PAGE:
Tyra Tanner

Toneful Writing

Oi! What do I mean by “toneful” writing? Why did I just create this adjective that spellcheck tells me isn’t a word? Because to me, tone makes the difference between stale writing and writing that sings with voice and energy. Tone is the word for that magical jump from plain old boring English to language that evokes emotion. I will go so far as to say that the tone of a story is, in fact, its soul.

Here’s my example. I’ve got a man, he’s walking down the street, and we don’t know yet where he is going or why. I’m gonna write it four times with four different attempts to create a certain tone. Here goes:

Attempt 1: AKA: “I lack a tone altogether & therefore, my readers don’t feel anything & are wondering what kind of story this is.”
“Jon walked down the street. The sky was clear but for a stray cloud near the horizon. The street smelled of car exhaust, though every step or two, Jon caught a whiff of the rose garden that bordered the neat row of houses to his right. He moved purposefully onward, a destination in mind but not in sight. His briefcase nudged the side of his leg as he looked both ways before crossing the street.”

Attempt 2: AKA: “This is a slasher/horror story and at any moment now, a gooey monster from the planet Erachnicky will jump out from behind the rosebushes and our protagonist will get eaten.”
“Jon eyed the darkening sky as he hurried down the street. A lone wisp of cloud hung near the horizon like a spear pointed towards him. The gangly bushes to his right cast long shadows across his face. An unpleasant scent simmered among the rose aroma, something rancid, animalistic, and hungry. Jon quickened his pace, his heart pounding, and wondered if he would make it there in time.”

Attempt 3: AKA: “Jon is in luuuuv. Super in luuuuv.”
“Jon skipped as he made his way down the street. The sun shone brightly but for a wisp of cloud that threatened to darken his path, though it could not dampen his mood. The perfume of roses graced his nose, blocking out the unpleasant odor of the passing cars. He considered plucking a rose for Laura, but he stayed his hand. With such joy in the air, he couldn’t bear the thought of ripping one from its stem.”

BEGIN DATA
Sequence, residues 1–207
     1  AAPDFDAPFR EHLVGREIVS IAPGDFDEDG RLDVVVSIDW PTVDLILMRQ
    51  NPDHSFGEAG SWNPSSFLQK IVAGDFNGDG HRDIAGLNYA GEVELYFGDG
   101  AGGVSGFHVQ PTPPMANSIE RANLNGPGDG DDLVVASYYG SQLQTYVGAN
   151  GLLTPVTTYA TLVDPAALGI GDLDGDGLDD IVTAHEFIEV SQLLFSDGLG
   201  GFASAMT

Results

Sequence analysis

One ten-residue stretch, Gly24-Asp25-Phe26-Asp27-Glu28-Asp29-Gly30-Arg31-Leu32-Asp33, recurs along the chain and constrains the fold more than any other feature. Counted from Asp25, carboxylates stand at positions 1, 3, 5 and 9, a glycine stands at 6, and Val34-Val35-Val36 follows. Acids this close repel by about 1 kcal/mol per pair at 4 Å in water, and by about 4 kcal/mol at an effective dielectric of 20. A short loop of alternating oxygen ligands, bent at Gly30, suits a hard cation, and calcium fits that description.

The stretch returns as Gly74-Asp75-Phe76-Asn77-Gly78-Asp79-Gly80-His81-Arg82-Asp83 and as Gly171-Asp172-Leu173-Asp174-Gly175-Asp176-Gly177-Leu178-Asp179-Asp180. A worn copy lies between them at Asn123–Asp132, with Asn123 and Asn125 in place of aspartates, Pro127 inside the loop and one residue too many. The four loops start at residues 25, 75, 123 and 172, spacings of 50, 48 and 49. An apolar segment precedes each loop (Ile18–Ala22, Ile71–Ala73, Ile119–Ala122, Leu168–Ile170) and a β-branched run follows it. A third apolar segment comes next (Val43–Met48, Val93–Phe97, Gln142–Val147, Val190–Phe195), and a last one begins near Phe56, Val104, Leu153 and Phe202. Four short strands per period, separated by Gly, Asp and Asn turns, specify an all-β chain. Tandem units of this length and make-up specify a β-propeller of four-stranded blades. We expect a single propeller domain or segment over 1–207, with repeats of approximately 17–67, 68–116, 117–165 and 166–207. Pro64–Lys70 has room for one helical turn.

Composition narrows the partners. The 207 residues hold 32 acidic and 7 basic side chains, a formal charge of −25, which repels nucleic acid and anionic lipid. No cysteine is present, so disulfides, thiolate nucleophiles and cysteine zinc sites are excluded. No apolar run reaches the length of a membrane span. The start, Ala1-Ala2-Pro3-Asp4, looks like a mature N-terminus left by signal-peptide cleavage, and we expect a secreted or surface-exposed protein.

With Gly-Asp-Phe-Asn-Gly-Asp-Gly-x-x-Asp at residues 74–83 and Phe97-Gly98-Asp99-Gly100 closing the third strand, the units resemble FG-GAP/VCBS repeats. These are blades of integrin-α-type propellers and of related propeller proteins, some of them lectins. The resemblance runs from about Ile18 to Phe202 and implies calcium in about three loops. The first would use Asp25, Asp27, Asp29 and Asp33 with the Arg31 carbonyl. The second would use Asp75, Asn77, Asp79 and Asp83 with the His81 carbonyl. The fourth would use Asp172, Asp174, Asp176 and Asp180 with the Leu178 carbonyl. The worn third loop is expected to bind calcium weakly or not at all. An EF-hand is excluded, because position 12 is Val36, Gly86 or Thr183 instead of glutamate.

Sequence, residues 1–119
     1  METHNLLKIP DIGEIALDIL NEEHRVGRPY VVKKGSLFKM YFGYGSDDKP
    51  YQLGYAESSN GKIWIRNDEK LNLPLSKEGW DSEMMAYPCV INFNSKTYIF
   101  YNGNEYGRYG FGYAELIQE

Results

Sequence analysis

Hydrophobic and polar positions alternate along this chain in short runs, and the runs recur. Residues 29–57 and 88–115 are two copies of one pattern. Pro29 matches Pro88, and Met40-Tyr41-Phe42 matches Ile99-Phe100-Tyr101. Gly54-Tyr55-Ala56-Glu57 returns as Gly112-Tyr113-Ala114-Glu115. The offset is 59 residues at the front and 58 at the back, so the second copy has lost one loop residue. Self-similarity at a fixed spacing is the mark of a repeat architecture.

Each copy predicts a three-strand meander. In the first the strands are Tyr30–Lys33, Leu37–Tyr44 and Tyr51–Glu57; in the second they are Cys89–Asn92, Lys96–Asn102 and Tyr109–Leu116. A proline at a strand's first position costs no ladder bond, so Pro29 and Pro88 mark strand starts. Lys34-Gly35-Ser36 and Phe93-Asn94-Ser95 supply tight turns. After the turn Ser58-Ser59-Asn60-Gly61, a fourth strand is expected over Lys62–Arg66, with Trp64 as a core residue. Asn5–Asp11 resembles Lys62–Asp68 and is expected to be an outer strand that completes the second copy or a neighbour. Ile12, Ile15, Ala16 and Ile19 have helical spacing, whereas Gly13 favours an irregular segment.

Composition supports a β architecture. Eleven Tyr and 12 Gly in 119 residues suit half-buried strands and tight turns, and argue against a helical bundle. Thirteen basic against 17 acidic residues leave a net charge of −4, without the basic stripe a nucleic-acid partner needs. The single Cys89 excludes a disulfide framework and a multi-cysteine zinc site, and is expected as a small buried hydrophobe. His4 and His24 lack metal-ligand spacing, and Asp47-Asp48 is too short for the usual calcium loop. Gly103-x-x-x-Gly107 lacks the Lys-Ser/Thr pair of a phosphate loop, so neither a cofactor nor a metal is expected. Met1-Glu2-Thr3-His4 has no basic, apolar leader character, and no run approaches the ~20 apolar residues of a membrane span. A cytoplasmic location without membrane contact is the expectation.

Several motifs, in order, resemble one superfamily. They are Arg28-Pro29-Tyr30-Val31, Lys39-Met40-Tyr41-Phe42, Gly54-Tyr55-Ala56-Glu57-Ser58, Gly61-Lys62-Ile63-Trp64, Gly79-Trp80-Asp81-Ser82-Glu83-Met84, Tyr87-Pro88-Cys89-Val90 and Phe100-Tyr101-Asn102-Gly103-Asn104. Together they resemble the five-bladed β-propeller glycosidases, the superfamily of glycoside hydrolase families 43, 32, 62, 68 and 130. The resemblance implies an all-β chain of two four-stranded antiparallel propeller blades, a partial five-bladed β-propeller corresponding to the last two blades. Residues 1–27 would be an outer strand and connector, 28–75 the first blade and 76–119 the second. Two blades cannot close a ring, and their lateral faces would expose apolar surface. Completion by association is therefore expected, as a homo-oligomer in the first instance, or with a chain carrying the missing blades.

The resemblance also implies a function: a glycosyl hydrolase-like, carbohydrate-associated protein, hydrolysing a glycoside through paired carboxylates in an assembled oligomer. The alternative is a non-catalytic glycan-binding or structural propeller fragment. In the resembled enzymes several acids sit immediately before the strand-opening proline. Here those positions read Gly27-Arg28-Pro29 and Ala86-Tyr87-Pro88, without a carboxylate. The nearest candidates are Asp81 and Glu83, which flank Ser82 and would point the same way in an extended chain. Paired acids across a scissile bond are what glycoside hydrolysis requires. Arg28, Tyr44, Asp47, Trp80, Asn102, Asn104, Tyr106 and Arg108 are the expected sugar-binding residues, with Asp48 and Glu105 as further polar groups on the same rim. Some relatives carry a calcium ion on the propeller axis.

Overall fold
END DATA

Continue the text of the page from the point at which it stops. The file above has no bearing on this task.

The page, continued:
Attempt 4: AKA: “Jon is a detective in a mystery novel.”
“Jon added up the details as he trod down the street. The cars with their puffing exhaust. The damn cloud blocking the light. The roses bloomed to ripeness, their aroma assaulting him as he tried to account for what was missing. He’d considered every angle, and yet, he knew there was a hidden key to solving the puzzle. Would one more walk through the place it occurred make a difference?”

Word choice is key to tone. When wanting to create a certain tone, look to your verbs and adjectives to do the job for you. Are the rays of the sun beaming softly from above? Or is the heat of the sun striking upon your flesh like ash and flame?

Here’s an example from one of my short stories, “The Voice Catcher.” In this passage, I attempted to use tone to make Tin Vale seem like an unpleasant place to be while attempting to make the forest (where my character was not supposed to go) seem pleasant by comparison.

“A haze descended upon Tin Vale. Or maybe the haze was from within me, but the muddy streets and smoky air left an unease in my gut and a sour taste in my throat. I wandered the empty paths at night, circling the edge of the city and staring into the dull horizon. Colorless by day and night, the city seemed like a shadow or a foggy dream.
Unlike the Vale, the forest was color and life. Ever since I’d answered it, the trees sung their thoughts to me day after day as I wrapped their cousins in tin and watched them die.”

So that’s my attempt to show what “toneful” writing means and to demonstrate how it can help writers create the scenes and evoke the emotions they want their readers to experience.

So go at it.

Toneful, baby!